And they are ambivalent about NATO. Ukraine apparently has a significant military apparatus and substantial military industries. However, they feel Ukraine does not use any of this to its advantage.
In their opinion, Ukraine will remain free; Russia will not win. Ukrainians in the western part of the nation will not give up what they have achieved through independence, even though the birthing pains of democracy and freedom are proving hard to handle.
They say that corruption in all aspects of government (education, military, the judiciary, etc.) must be overcome by voting out those who perpetuate a bankrupt system based on a discredited Soviet mentality. Any Russian attempt to invade western Ukraine would result in a devastating civil war that would be impossible to keep from the Russian people.
I asked them if they felt that Eastern Ukraine should be left to the Russians. Their answer? An unequivocally unanimous “YES”.
Despite the help and support from many of the locals, they told me that the population of the area is very low-class, ignorant and uneducated. Because of this, the people are easily duped into believing the propaganda of Russia. They say that the majority of the people in Eastern Ukraine don’t know what they want.
Their opinion is that Ukraine is better off without a populace they feel is nothing but drunkards and white trash. Let Russia have them and deal with the problem, is the general attitude. They said Western Ukraine is what counts and Western Ukraine will be better off and succeed without having to cater to such a mentality. They actually stated that the population of Eastern Ukraine is not “fit for Europe.”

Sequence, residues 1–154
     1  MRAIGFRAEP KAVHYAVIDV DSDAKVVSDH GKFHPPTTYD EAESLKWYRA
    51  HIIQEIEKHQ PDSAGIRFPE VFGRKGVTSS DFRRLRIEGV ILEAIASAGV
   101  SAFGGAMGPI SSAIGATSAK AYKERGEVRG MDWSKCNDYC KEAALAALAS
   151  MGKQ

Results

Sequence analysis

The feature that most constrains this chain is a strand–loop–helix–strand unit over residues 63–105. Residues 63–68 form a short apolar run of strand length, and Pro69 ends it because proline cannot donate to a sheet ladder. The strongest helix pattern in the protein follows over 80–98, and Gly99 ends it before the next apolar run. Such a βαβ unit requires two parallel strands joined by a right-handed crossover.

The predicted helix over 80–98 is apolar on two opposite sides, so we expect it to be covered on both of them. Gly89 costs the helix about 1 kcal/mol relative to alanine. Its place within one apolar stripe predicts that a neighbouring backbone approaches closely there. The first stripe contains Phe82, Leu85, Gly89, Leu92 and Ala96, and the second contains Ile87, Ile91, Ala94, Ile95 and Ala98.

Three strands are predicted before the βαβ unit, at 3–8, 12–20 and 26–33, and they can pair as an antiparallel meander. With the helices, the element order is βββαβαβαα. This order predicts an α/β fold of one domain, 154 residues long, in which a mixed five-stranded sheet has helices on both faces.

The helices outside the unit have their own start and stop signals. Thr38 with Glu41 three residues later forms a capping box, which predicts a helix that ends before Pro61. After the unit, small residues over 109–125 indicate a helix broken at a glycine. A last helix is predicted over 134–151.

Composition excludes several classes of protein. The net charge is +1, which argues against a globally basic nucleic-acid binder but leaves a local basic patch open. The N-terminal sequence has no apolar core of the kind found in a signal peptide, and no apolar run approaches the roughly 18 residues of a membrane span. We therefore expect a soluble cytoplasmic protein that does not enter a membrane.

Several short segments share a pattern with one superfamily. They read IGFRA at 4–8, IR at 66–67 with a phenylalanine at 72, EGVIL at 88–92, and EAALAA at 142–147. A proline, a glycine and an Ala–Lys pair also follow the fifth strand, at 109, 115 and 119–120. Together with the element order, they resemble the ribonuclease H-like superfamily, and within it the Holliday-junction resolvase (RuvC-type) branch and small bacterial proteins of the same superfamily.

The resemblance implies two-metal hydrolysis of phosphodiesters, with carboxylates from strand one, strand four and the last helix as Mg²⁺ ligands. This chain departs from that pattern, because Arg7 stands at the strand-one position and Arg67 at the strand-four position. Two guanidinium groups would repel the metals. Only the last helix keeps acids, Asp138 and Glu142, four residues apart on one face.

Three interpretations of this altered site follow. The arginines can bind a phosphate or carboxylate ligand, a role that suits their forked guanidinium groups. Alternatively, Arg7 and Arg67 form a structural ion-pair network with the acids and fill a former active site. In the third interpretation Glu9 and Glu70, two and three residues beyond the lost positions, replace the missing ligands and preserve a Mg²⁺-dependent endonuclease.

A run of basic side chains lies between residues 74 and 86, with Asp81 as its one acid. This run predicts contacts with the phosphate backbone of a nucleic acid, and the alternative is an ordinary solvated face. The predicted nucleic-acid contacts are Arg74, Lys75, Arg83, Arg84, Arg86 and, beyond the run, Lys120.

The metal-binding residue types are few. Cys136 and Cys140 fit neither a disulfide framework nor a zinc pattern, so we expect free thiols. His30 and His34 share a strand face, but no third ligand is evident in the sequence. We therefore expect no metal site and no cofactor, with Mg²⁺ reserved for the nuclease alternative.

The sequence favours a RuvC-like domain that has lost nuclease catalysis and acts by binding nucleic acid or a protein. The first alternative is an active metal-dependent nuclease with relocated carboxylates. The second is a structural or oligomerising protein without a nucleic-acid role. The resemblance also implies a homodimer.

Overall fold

The impression I got from the above comments was that they felt Russians and Russian propaganda are only capable of attracting ignoramuses. These men want Ukraine to be free and prosperous and dragging people they consider to be Neanderthals into NATO or the EU would only slow progress. They belong in Russia as Russia continues its slide backward.
In a nose-thumbing to Russia, I was shown a photo of a rudimentary Stalin statue. The soldiers had painted Ukrainian colors on it and given the statue Cossack features. (The Cossacks were an eastern Slavic people brutally forced into famine by Stalin.) The photos showed the men standing on and around the statue with satisfied smiles.
The soldiers told me that they do not want to go back to fight. Even though their conscription is up, they said they wouldn’t want to go. However, there was a caveat. If the government were to provide proper training and military support from people who understand the conflict and understand actual warfare, they would eagerly return.
Every question I asked resulted in spirited responses, usually lasting at least five to ten minutes. My poor translator had to try to remember everything they said and broke down their responses to the basics. They were jazzed that someone wanted to talk to them and seemed to be blowing off thirteen months of steam.